We know that dealing with the loss of a loved one will be one of the most difficult things in your life; as such our team of highly trained solicitors treat every fatal accident enquiry with empathy and understanding.
Due to the Fatal Accidents Act 1976, the amount of compensation that is awarded following a fatal accident depends on your relationship with the deceased.
- For surviving spouses, compensation is calculated by multiplying a portion of your joint net income, before your contribution to this net income is subtracted to find the multiplicand of household income
- Where children are involved, it is generally assumed that a greater proportion of the deceased’s income is spent on the family rather than themselves, meaning that damages will be higher. This is considered when making a claim and compensation should account for the loss of income that once supported a family
Calculating how much the court will award for the future loss of financial and service dependency is not a straightforward process. It is not as straightforward as thinking that the deceased may have worked for a certain amount of years, so the final sum will be the amount of lost years multiplied by the multiplicand.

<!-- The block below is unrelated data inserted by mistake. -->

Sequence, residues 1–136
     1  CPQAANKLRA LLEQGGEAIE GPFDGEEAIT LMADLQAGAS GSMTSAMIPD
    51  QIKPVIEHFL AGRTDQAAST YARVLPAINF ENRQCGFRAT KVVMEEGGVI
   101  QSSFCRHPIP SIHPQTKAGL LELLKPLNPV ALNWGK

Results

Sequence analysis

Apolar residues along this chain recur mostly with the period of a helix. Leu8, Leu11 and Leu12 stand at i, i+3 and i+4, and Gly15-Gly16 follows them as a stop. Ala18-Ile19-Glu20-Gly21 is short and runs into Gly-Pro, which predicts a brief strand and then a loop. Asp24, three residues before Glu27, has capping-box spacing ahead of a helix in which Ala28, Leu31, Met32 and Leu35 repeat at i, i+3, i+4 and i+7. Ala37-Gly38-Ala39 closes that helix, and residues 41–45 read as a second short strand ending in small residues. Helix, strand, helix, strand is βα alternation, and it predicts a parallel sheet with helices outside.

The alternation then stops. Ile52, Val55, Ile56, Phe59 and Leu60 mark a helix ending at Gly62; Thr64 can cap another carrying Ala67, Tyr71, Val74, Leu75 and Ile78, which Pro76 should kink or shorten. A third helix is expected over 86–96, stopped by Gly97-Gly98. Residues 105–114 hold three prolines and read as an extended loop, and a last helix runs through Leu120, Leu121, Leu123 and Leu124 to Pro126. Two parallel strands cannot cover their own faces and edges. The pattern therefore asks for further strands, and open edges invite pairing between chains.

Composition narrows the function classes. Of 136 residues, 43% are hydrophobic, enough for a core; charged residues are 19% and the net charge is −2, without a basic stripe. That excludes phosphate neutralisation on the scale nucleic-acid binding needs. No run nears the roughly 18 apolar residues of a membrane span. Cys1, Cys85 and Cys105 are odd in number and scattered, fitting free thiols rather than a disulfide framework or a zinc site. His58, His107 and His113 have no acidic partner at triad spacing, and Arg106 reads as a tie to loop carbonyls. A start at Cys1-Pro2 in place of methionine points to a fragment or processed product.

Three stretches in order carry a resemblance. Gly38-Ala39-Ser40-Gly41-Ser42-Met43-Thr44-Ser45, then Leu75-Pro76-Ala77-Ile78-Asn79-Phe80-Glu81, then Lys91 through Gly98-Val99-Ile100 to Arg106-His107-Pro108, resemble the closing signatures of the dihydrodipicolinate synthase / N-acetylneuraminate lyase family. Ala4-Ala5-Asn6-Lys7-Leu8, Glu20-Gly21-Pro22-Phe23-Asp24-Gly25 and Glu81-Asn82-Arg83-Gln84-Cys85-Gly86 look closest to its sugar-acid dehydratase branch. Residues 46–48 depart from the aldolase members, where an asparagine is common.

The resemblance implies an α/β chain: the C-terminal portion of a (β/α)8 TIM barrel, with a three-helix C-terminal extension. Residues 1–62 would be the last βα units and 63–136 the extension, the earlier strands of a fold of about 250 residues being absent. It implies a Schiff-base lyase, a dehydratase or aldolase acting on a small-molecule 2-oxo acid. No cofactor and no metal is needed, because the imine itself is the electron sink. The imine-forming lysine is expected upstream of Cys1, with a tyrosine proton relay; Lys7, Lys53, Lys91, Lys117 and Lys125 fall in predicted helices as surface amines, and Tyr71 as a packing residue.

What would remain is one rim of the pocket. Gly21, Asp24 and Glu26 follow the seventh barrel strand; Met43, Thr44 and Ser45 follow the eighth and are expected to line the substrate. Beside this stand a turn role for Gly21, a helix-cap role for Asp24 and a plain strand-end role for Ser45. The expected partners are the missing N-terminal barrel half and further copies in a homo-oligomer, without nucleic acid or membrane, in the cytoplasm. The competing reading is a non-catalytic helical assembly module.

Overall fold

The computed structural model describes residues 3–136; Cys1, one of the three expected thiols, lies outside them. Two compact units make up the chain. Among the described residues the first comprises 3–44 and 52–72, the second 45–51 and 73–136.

Salary alone does not dictate the amount of financial loss that can be felt after the loss of a loved one. Interest on earnings and any possible investments, as well as normal life expectancy for the deceased, will all be considered when calculating damages.
Ultimately, every claim is different and the amount that could be awarded for damages will depend on the specifics of the case.
Our team have dealt with many complicated fatal accident claims and can help you through this difficult time, whether your loved one was killed in a road traffic accident, through the negligence of a professional, or through any other wholly avoidable means.
Contact our Catastrophic Injury Team to discuss claiming
compensation for the loss of someone now by using the online enquiry
form and we will call you back or you can call us direct on freephone: 0808 129 3320.